« ForrigeFortsett »
meat became so putrid in the market, that the Mayor ordered it to be thrown into the Delaware. There was a great deal of sickness, particularly among children; sixteen were buried on the first Sabbath in July, and from ten to twelve daily for some time.
The winter of 1790 was uncommonly mild. It was so warm on the 2d of January, that boys went into the Delaware to bathe.
The winter of 1793 was very mild, and the subsequent part of the year was very sickly. The yellow fever prevailed to an awful degree during the months of September and October.
The winter of 1797 was intensely cold. The mercury frequently sunk from 10 to 13 degrees below 0. A gill of brandy was put into a saucer, and placed in an open lot north of the! city, on the 9th of January, and a ring of ice formed round the edge an inch broad. A gill of water placed near, froze solid in ten minutes.
The winter of 1799 was long and severe. On the 14th of March, there was a deep snow, and on the 6th of June, a severe frost.
The winter of 1800 was very cold, from the 6th of January to the 8th of March, snow two feet deep on a level.
On the 7th of January, 1800, there was a great snow storm in South Carolina and Georgia, and the weather was intensely cold all over the United States, as were the winters of 1808, '12, '18, '21, '27,'31, '32, '34 and '35, although some mild weather was experienced during each of the winters. The winter of 1503 was severe, The spring was cold and very backward.
In 1805, December 28 and 29, there was an awful storm, with the wind blowing a hurricane, by which several vessels were sunk at the wharves, and great damage done.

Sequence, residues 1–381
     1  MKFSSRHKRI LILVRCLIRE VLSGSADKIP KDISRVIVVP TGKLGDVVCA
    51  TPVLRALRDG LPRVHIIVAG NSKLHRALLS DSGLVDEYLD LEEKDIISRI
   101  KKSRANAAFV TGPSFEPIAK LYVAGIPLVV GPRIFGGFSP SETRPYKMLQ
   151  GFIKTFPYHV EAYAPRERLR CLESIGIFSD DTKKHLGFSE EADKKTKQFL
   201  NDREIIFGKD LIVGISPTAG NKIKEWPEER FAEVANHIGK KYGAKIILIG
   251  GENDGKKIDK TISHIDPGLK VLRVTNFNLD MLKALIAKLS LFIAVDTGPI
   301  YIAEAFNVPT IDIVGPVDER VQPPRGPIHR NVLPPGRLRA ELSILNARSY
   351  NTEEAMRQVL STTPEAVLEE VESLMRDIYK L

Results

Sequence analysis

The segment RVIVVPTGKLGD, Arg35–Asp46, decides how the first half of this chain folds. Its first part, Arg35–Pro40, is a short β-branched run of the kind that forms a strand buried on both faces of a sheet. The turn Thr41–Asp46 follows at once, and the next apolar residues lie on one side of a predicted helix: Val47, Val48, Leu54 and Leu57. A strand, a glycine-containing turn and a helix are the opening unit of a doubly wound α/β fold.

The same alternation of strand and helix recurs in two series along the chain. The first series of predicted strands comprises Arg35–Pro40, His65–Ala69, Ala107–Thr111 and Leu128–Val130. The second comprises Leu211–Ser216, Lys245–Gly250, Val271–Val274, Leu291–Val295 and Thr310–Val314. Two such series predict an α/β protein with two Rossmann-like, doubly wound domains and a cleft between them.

On the 5th of December, 1806, there was good sleighing and the winter was long and severe. Fires were continued in parlors until the 13th of June.
32. In Portland, (Maine,) 18 below. In Gardner, (Me.) to 33. In Saco, (Me.) to 28. In Bangor, to 34. At Brunswiek, (Me.) to 39 below 0. In Newmarket, (N. H.) the mercury stiffened in the bulb at 39 below 0.
While the weather was so cold at the North-East, in 1821, the mercury did not sink in Philadelphia and vicinity, lower than 10 below 0.
The winters from 1822 to 1831, were rather mild than otherwise, although there were some pinching days in each. The winters of 1831-2, and 1834-5, were intensely cold most of the time. The Delaware closed and opened twice in each winter, from the 1st of December to the 1st of March. Mercury 5 below 0 several times, and once 7 below.
January 1831. One of the deepest snows for thirty years. On the 14th of January, 1831, there was one of the deepest snows then recollected by our oldest citizens. The drifts on the north side of Market street, were so deep as to require the market-wagons to be dug out; mails and stages were prevented from arriving or departing for several days; and the milk carts were prevented in like manner from coming into the city.
In 1832, the mercury sunk to 18 degrees below zero in Boston, and several degrees lower in places further north.